WIDNES Vikings are entitled to feel a little miffed tonight, after being denied a Super League franchise. And their fans are more than a little miffed.
Whatever the Vikings do over the next three years, they won’t be playing in the top flight of rugby league, thanks to a system which was set up partly to help clubs avoid exactly the sort of problems that Widnes fell into just under a year ago.
There’s a big gap between the full-time ranks of Super League and the part-time ranks of the National League, and it hit Widnes hard when they dropped out of the top flight in 2005. Having stayed full-time in a bid to bounce back to Super League at the first attempt, they lost the 2006 National League play-off final to Hull KR.
When the Vikings fell at the final promotion hurdle again 12 months later, this time to Castleford, the financial burden of staying in the National League for another year became too much, and they plunged into administration.
Widnes are now back on a sounder financial footing after being taken over by Cheshire businessman Steve O’Connor last November, and had been hoping to complete their recovery by winning back a place in Super League.
But the old system that caused them so many woes has been replaced by a new system that has created new agonies for them.
In order to encourage long-term investment in a sport which has little depth in this country, the Rugby Football League decided to ease the threat of relegation on top-flight clubs by introducing a franchise system for the 2009, 2010 and 2011 seasons. The 14 teams winning a franchise would effectively be guaranteed top-flight rugby league for three years. Great if you win a franchise; soul-destroying if you don’t.
With the 12 current Super League clubs odds-on to win franchises, that left two more for everyone else to fight for. And with apologies to Leigh Centurions fans, Salford and Widnes might have been expected to be a shoo-in, were it not for the threat from Bridgend.
Celtic Crusaders – who were only formed in 2005 – do not have the tradition of Salford, Widnes and Leigh. But they offered the RFL the chance to expand the sport into the rugby union heartland of south Wales. And the RFl took up that chance, awarding the final two franchises to Salford and to the Crusaders.
The decision comes as a huge relief to Salford, who are committed to building a new stadium off the M60 at Barton (not too far from the Trafford Centre), but where on earth does it leave the Vikings, who now face another three years in the National League whatever they do?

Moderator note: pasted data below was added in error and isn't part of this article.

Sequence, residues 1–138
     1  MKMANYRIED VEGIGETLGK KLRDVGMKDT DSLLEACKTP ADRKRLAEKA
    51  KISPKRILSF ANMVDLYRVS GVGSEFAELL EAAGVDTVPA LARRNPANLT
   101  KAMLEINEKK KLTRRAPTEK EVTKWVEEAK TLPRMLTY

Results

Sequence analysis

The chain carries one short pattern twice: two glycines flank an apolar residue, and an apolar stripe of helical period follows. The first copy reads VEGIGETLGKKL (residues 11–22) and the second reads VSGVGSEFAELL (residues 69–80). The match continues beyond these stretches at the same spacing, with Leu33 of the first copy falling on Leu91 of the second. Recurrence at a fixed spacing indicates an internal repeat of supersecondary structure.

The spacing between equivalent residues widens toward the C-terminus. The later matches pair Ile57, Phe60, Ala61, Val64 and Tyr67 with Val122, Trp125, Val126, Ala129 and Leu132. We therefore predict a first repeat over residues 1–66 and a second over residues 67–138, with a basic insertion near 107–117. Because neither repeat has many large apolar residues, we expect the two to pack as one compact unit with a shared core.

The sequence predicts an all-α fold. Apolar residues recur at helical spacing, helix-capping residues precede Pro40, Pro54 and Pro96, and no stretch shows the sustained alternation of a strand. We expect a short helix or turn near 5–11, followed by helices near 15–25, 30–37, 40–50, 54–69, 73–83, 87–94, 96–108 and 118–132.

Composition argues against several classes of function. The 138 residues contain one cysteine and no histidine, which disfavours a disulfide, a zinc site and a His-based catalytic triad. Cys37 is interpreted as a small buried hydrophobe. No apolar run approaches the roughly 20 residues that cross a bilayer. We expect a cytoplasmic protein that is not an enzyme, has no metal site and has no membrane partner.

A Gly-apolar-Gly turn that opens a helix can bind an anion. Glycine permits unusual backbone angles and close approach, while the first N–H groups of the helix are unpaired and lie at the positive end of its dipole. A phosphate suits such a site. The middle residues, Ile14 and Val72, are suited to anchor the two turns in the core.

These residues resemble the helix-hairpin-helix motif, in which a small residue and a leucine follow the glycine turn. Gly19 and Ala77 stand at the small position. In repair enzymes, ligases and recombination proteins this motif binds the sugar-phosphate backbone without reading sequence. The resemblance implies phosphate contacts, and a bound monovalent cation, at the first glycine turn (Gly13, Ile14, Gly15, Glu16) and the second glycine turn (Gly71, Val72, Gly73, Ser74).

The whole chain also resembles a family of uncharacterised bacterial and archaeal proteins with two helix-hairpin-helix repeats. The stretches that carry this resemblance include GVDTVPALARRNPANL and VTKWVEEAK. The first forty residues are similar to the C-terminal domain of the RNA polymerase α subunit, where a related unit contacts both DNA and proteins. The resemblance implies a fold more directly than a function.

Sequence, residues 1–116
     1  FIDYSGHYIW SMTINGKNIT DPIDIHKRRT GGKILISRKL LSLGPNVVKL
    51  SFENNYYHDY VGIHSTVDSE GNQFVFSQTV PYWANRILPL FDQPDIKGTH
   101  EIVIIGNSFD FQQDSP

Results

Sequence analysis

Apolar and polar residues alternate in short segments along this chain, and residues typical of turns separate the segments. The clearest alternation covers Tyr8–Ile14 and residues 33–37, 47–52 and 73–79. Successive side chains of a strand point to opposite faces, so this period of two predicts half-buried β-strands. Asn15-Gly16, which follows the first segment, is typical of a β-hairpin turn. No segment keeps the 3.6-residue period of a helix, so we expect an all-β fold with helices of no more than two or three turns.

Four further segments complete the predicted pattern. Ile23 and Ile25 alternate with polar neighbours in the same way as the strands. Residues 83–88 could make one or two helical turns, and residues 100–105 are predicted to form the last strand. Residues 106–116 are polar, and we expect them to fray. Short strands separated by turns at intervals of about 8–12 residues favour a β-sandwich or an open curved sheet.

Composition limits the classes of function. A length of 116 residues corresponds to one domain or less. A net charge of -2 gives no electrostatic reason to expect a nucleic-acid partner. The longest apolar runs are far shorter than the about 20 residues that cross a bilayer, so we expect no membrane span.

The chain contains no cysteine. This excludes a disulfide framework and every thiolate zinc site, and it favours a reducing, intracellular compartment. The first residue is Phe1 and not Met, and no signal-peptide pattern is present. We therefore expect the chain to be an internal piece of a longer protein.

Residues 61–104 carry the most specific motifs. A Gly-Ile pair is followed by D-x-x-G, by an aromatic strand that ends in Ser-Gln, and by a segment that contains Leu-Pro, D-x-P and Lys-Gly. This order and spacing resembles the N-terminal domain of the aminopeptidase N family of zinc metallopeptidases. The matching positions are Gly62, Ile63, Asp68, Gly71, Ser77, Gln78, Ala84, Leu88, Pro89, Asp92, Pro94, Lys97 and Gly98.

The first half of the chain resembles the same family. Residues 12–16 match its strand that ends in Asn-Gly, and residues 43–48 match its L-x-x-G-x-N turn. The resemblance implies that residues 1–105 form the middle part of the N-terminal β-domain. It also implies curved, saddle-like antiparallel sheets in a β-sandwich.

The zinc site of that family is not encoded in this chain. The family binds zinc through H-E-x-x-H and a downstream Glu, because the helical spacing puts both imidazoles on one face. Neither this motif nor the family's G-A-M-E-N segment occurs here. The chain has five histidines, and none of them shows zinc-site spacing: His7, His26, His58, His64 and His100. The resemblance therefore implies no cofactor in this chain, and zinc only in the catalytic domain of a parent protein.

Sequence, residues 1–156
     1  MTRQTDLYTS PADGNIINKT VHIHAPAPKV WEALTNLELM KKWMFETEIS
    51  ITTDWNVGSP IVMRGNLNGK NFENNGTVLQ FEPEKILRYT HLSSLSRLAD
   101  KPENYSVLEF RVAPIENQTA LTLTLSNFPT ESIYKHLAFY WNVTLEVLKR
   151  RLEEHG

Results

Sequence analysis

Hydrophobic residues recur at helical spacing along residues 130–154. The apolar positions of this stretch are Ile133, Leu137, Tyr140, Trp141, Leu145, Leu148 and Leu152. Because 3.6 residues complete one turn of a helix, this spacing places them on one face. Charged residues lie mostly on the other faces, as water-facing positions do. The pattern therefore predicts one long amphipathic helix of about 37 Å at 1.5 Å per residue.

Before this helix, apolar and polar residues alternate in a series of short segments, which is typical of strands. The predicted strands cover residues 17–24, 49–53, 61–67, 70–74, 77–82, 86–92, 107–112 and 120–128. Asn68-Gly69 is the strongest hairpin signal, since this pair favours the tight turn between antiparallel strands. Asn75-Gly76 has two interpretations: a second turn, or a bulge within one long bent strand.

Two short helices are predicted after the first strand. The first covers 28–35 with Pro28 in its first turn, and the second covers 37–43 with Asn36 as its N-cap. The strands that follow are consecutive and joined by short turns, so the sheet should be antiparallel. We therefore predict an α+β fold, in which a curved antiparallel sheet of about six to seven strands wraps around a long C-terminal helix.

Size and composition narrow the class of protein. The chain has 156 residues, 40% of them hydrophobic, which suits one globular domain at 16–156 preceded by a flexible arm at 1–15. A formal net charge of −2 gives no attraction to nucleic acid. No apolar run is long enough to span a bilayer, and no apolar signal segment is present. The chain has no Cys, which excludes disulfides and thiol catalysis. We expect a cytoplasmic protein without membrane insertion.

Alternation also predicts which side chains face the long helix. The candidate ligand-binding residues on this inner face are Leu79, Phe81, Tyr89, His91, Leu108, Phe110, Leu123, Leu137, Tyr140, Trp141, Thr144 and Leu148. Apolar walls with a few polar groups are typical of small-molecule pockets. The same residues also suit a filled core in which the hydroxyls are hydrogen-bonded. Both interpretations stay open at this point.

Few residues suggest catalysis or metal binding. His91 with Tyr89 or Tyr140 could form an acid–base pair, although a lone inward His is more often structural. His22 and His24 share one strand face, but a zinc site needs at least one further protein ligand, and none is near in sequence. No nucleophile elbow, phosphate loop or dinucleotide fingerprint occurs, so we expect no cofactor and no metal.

One of the tenets of supporting a club is the belief – however ridiculous – that this could just be your year. Vikings fans know now that not only will 2008 not be their year, but neither will 2009 or 2010. They can apply for a Super League franchise again in 2011, and if successful, would be readmitted to the top flight in 2012. It’s a long time to be dreaming.
Curiously, while Widnes’ fans are upset, it’s Leigh whose officials have been quickest to kick up a stink over the decision to award a franchise to the Crusaders.
Centurions chief executive Allan Rowley accused the RFL of giving Celtic a place in Super League purely on geographical grounds.
“We now have a team that fielded 10 overseas players against us, because they are classed as a development team, and are now in our elite competition which is a complete contradiction of terms and we feel this decision is purely a geographical one,” read Rowley’s comments on several websites.
It might have been easier to take if Crusaders had a bit more history behind them, and didn’t feel quite so manufactured. While their long-term aims are to produce more homegrown players – and there are a number of Welshmen in their squad – it still rankles. For Widnes and Leigh, it’s the equivalent of seeing your favourite band beaten to the Christmas No 1 by whichever shop assistant or factory worker has won The X-Factor this time around.
RFL chief executive Richard Lewis hardly dispels Rowley’s criticisms with his comments, either.
“Market research suggests that we have a lot of support for rugby league and the Super League in Wales,” Lewis said.
“It’s a calculated risk to go with Crusaders. They put together a good application and convinced us they can make a real success of being a Super League club.”
In fairness, Lewis did go on to say that the Crusaders – along with the other 13 Super League franchisees – are now under pressure to prove that they are worthy of their status. But that’s little consolation to those who feel tonight that they have been unfairly overlooked.